Flasby . . .


I can vividly remember my first glimpse of Flasby, in June 1961, when I arrived for an interview with Mr. Rowan Robinson. It was just after lunch on a warm day. Boys were lying on rugs on the lawn, presumably having their siesta, and I had my first view of Sharp Haw with its skirt of trees (a glimmer of scarlet and mauve where the rhododendrons broke the ranks of vivid green firs). This was a view of is which I was never to tire, throughout the seasons. I will carry this joyfully in my mind's eye, until my memory fades (that day, so certain irreverent juniors inform me, can't be far away).

I'm sure one can say that Flasby was a happy house, never overawing one with its cold grandeur, and yet providing plenty of space lacking in most homes.

One particular feature of the house which evoked admiration from parents and visitors, and a few boys, was the lovely graceful staircase so well balanced, so right for the proportions of the hall. One could visualise the mistress of the house, descending to greet her guests, with gown trailing behind her, while the carriages rolled up the drive in spanking style.

The Assembly Hall with its 'Adams' fireplace and the delicacy of the plaster frieze, just asked to be furnished with some choice regency furniture, oriental rugs and rich hangings.
A house of course can only come alive when it is peopled, and although I have spent a number of holidays there, quite alone, yet never felt lonely, I was always happy to roll back the shutters and if not exactly putting down the red carpet, welcome back the noisy feet on corridors and stairs. Flasby always looked its best after Easter, with blossom and spring filowers in profusion, all planted with loving care and eye for beauty, some half a century ago by the Preston family. It also had a singular beauty in the autumn when the sunset glow was in competition with the virginia creeper on its walls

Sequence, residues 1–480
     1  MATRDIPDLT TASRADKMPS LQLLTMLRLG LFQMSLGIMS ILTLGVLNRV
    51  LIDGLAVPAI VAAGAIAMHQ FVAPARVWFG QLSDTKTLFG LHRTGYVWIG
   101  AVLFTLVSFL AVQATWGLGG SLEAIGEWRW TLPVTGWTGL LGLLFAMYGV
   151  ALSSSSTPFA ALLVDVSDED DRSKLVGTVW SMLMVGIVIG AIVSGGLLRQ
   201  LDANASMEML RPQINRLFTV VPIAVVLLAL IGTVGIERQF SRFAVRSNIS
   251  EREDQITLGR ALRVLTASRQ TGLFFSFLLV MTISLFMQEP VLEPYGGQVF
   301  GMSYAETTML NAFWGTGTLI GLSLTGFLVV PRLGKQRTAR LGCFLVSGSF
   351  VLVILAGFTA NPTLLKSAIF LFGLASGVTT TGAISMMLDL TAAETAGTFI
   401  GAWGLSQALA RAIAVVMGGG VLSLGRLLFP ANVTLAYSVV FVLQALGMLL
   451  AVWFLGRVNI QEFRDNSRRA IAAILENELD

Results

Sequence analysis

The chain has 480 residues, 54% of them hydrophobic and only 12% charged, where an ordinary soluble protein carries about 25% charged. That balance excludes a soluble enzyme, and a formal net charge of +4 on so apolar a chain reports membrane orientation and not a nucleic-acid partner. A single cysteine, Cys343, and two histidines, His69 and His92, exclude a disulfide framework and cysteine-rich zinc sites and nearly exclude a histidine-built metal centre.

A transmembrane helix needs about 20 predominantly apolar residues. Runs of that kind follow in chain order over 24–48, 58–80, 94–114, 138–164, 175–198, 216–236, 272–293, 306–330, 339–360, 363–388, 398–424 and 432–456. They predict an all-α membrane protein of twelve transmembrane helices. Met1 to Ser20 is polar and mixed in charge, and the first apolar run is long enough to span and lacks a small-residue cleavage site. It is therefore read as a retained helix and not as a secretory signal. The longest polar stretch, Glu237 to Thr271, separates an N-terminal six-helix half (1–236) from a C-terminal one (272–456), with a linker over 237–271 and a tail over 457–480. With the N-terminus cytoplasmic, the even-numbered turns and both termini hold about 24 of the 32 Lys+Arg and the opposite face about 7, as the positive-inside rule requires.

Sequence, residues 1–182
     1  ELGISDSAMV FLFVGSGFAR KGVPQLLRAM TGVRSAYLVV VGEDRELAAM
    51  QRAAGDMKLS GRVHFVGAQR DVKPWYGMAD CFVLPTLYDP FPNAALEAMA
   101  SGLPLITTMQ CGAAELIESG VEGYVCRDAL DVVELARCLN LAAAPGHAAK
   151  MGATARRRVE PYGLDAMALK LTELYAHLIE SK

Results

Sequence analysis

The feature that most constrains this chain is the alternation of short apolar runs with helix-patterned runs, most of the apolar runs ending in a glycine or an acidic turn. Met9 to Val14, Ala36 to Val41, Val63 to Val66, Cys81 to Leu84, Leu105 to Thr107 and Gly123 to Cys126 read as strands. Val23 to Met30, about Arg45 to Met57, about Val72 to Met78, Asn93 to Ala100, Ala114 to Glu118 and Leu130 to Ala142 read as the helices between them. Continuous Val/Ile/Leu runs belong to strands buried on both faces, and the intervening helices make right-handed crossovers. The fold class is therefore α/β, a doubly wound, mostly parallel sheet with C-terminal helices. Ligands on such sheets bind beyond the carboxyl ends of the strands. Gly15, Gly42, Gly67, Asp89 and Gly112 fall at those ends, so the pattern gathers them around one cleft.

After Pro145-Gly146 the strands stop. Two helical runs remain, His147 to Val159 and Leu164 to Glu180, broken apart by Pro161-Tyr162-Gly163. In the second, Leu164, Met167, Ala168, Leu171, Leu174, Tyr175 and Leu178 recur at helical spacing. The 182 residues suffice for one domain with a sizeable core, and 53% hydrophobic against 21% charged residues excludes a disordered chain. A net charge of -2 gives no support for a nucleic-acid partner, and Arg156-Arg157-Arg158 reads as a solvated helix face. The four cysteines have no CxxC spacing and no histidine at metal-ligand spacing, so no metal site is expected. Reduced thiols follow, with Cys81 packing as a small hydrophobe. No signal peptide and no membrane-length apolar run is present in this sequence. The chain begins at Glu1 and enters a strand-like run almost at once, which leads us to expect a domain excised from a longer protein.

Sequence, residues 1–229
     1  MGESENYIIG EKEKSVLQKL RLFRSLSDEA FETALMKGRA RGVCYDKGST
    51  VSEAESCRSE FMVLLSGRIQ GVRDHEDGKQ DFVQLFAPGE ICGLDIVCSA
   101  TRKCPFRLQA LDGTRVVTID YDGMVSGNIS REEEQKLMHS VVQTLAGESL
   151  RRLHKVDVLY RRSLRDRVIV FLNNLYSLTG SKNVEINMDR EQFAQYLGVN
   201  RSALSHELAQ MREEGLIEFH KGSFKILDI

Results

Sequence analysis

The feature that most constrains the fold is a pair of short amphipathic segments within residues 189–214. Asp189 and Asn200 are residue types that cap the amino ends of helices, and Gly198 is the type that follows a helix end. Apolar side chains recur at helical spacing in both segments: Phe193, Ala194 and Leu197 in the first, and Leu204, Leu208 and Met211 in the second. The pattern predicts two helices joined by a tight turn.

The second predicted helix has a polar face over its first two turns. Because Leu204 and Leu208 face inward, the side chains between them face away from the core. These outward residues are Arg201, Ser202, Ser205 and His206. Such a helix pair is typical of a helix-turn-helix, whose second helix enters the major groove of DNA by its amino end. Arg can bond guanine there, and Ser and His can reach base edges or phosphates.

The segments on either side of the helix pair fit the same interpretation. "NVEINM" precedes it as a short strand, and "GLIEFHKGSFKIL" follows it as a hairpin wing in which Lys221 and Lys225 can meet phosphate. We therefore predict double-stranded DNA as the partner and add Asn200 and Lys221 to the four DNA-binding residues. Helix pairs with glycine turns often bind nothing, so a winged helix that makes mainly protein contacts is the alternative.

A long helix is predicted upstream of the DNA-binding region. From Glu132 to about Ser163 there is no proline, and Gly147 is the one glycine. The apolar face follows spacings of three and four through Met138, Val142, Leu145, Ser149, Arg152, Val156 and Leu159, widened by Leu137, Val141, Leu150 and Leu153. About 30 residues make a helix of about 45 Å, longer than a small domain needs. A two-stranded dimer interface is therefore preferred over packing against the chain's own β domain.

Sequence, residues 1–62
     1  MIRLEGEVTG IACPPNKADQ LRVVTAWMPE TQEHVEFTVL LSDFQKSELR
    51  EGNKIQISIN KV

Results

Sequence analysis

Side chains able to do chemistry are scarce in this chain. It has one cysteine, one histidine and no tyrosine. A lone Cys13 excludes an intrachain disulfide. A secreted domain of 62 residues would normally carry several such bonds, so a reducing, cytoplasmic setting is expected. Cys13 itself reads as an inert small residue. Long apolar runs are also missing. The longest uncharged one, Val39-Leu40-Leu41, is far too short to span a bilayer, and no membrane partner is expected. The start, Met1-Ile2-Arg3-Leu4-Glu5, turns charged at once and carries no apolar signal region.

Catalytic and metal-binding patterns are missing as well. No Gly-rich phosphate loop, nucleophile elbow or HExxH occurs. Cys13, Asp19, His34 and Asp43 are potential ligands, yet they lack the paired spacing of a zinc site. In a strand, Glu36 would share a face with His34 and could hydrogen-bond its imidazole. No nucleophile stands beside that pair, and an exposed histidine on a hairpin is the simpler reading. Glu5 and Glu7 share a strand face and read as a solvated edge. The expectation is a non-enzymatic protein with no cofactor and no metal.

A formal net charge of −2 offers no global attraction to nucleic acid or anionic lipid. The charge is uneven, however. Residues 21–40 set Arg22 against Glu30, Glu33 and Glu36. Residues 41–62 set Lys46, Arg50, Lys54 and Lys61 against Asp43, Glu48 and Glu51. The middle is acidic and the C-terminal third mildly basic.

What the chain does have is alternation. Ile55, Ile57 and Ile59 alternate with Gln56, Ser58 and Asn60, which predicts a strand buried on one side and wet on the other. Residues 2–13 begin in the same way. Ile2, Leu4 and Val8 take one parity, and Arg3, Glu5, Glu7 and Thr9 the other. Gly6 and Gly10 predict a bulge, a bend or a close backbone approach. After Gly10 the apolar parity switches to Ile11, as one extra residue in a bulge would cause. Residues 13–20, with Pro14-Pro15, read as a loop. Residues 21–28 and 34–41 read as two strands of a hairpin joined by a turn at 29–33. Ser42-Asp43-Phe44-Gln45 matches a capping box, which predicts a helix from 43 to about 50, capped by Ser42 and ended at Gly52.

I remember so many things:
The interest with which we watched the erection of the observation tower for the bird watchers, and the magnificent photographs of the falcons and their young. The central heating boiler and the never-to-be-forgotten occasion when I shovelled my new glasses in with the coke. The excellence of the hot water system. The fascination of the Tower because it was out of bounds. The Country Dancing (that many of the present fifth might want to forget) in the Assembly Hall. The Sunday afternoon rambles through the woods to Sharp Haw and Rough Haw. The popularity of Sunday fishing. The annual erection of the dam (and the few occasions when it was possible to enjoy the water). The annual Fathers' and Mothers' cricket match and the ease with which the Mothers usually won (wonder if the Umpires had been bribed ?). The happy week's camp with the Junior Scouts. The practical "good turn," haymaking for our neighbour. The "beating" of the woods to "keep in" with the landlord, and the inevitable entanglement of boys and staff in the rhododendron bushes. The Sunday morning breakfasts and the never changing menu ("it just HAD to be boiled eggs with such a small stove"). The coldness of the Form Rooms during my first winter and the feeling of satisfaction when boys said they were glad to be there, though this was rare.

If one is allowed to say they love "things" as against persons, then I can honestly say:
I loved Flasby, from our first meeting.